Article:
Zschäpe speaks – but does not have anything interesting to say. And: the court continues to refuse clearing up the facts.
Today the court heard the answers by the Zschäpe defense to the court’s most recent questions. Again not a job well-done by defense counsel Grasel and Borchert: their answers again added events which Zschäpe had not even mentioned in passing before even though they seem rather hard to forget (in this case a fight between Uwe Mundlos and Uwe Böhnhardt, which Zschäpe “would rather not describe in detail”), and they again tried to explain away obvious inconsistencies by claiming that they had simply reported Zschäpe’s “suppositions” (in this case Zschäpe’s claiming earlier that Mundlos had made photos of the murders, while at the same time claiming that she had not known anything about the murders).
Those present in the courtroom were surprised when counsel Borchert then announced that his client wished to say something herself. Zschäpe read out a few pre-written sentences, the content of which were hardly surprising in light of the defense strategy: Zschäpe stated that, early on, she had shared some of the “nationalist ideas” espoused by Böhnhardt and his friends, but that she had turned her back on those ideas in the meantime. She “condemned” what Böhnhardt and Mundlos had done to their victims and their families and also her “own failings” in this regard. Zschäpe then immediately showed how little she meant all this: asked by victim’s counsel Sebastian Scharmer whether she would finally answer the questions of these very same victims and their families, she again had her defense counsel answer, and Borchert again stated that the questions will not be answered.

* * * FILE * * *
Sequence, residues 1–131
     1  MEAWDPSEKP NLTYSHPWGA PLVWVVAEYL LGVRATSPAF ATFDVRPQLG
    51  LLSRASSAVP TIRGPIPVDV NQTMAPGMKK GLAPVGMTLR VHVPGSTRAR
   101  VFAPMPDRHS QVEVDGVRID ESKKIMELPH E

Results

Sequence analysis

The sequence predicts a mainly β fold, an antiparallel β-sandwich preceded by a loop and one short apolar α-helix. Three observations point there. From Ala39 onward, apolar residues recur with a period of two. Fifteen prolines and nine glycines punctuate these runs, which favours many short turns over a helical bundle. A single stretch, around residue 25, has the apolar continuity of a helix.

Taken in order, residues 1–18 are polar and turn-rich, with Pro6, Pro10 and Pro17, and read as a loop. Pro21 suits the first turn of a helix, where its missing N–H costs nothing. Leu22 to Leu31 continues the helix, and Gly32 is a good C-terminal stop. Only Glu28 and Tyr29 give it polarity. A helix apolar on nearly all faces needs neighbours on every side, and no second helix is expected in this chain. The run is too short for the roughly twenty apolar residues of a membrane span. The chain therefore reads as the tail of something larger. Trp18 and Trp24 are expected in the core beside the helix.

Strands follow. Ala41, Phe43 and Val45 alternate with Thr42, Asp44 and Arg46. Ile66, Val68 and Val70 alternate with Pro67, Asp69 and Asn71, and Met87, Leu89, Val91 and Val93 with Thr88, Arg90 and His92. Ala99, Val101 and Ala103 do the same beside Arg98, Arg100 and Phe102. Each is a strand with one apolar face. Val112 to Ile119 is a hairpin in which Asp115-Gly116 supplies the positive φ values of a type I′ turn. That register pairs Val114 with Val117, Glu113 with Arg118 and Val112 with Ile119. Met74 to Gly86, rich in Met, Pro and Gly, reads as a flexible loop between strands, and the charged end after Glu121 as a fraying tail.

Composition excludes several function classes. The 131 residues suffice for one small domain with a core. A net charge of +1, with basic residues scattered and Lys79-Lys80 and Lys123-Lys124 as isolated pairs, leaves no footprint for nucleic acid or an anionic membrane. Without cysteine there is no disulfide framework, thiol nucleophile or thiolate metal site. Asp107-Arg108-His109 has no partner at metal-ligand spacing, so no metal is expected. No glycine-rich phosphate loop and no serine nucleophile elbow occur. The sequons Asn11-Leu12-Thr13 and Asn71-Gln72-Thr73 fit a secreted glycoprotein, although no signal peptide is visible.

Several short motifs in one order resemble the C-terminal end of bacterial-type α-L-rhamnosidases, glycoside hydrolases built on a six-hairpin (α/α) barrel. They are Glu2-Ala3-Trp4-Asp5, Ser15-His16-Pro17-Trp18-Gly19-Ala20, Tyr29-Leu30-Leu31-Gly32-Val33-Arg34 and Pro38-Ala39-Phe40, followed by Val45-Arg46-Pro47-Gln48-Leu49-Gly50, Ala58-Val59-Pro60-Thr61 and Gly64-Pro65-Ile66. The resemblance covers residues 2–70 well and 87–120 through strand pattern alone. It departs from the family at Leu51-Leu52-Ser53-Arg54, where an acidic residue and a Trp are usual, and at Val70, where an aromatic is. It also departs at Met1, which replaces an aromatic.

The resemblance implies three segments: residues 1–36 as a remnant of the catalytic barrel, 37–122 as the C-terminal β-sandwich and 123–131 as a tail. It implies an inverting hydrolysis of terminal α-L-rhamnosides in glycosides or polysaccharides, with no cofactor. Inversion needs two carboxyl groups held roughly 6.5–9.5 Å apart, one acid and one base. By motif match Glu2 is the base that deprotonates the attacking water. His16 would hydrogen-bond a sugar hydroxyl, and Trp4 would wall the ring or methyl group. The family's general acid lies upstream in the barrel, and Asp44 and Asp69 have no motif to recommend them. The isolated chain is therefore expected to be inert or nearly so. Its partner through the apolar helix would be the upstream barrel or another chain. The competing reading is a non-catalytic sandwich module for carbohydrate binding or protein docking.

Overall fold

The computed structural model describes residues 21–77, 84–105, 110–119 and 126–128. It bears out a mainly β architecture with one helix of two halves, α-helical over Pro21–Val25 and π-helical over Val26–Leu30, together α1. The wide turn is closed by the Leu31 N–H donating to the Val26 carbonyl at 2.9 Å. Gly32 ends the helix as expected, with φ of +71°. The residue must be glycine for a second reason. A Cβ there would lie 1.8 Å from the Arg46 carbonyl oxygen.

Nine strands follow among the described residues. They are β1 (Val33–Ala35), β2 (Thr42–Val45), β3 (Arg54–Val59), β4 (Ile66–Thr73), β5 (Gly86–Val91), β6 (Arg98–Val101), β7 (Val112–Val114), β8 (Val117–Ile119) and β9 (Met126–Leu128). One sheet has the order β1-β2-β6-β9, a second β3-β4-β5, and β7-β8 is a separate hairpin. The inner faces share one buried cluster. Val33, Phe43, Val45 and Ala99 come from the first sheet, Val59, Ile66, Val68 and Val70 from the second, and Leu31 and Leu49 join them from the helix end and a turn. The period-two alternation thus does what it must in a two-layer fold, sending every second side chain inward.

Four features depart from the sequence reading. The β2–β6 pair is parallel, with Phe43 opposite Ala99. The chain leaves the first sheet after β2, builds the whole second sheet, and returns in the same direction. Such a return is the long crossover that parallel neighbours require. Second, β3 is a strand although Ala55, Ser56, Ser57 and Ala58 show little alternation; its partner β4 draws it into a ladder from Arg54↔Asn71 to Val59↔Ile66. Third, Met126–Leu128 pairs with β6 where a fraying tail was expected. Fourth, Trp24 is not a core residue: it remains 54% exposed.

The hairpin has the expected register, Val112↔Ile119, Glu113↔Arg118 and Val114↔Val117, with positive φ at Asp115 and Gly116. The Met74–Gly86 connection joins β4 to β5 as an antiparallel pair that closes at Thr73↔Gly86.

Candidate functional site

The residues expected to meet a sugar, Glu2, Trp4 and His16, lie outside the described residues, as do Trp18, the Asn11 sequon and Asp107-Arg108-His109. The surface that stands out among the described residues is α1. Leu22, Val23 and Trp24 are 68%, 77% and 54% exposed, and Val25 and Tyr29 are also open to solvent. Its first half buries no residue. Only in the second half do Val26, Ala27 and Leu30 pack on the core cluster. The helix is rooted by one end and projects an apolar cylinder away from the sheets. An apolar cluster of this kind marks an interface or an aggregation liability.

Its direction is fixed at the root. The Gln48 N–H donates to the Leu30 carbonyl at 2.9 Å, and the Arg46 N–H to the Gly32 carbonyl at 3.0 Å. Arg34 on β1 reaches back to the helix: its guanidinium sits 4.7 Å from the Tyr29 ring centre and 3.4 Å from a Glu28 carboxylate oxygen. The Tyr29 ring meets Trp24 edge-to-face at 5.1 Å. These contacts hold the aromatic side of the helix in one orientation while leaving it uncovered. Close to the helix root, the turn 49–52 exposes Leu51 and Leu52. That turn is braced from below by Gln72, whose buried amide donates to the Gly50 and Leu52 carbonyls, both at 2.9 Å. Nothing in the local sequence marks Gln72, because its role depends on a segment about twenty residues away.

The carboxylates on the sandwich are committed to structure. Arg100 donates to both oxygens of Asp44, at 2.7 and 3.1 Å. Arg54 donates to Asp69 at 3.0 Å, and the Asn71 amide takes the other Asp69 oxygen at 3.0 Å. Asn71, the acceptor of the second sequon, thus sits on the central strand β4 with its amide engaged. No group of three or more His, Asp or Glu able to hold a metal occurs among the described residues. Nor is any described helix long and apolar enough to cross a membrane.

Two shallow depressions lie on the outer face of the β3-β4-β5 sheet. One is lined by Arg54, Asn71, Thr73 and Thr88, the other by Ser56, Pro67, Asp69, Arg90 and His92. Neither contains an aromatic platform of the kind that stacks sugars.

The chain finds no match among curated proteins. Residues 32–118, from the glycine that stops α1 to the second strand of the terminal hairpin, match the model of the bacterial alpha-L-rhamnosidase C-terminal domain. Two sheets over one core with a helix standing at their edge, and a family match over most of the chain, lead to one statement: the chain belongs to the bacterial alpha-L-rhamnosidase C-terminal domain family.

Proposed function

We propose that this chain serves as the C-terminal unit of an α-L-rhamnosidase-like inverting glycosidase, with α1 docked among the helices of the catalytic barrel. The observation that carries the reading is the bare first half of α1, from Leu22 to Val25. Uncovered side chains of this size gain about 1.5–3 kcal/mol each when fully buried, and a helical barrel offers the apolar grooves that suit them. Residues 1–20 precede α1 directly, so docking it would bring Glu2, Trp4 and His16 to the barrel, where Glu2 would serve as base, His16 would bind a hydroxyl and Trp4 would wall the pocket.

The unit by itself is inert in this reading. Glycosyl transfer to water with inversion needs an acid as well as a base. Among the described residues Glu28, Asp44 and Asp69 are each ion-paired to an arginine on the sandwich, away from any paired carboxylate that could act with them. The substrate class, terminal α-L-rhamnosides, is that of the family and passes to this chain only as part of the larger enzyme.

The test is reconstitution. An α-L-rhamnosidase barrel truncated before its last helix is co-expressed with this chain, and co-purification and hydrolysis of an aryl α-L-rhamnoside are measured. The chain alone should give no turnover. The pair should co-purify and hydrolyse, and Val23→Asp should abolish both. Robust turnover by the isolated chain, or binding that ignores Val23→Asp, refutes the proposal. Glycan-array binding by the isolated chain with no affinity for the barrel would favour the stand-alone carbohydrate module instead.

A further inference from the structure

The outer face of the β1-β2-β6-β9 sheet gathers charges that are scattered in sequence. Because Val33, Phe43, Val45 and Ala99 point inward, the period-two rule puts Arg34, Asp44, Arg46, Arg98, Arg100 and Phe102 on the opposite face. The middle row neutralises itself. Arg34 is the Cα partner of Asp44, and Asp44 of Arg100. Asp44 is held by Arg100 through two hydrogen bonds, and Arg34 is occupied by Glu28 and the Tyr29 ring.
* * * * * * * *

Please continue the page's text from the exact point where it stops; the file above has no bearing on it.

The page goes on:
Victims’ counsel again brought several motions for evidence. Inter alia, these concerned a 1997 visit of Zschäpe’s to an event of the “Artgemeinschaft”, a community of old and Neo-Nazis headed by Nazi lawyer Jürgen Rieger and closely based on historical national Socialism. According to the testimony of a police officer, Zschäpe had visited this event together with other neo-Nazis from Jena – but without Uwe Mundlos and Uwe Böhnhardt.
The court again rejected several earlier motions for evidence brought by victims’ counsel and thus showed once more that it is not at all interested in clearing up the facts of the case. The motions rejected this time inter alia concern the “Festival of Peoples”, an event bringing together neo-fascists associated with “Blood and Honour” from all over Europe. However, the court claimed that this was not relevant at all for its judgement – after all, Wohlleben must not necessarily have fully shared the ideology of the people he had invited, and neither must his views have remained entirely stable between 1999/2000, when he is accused of having provided the murder weapon to the NSU, and the mid-2000s, when the “Festivals of Peoples” took place. It is obvious that this sort of hair-splitting totally goes beyond what is required for a successful motion for evidence.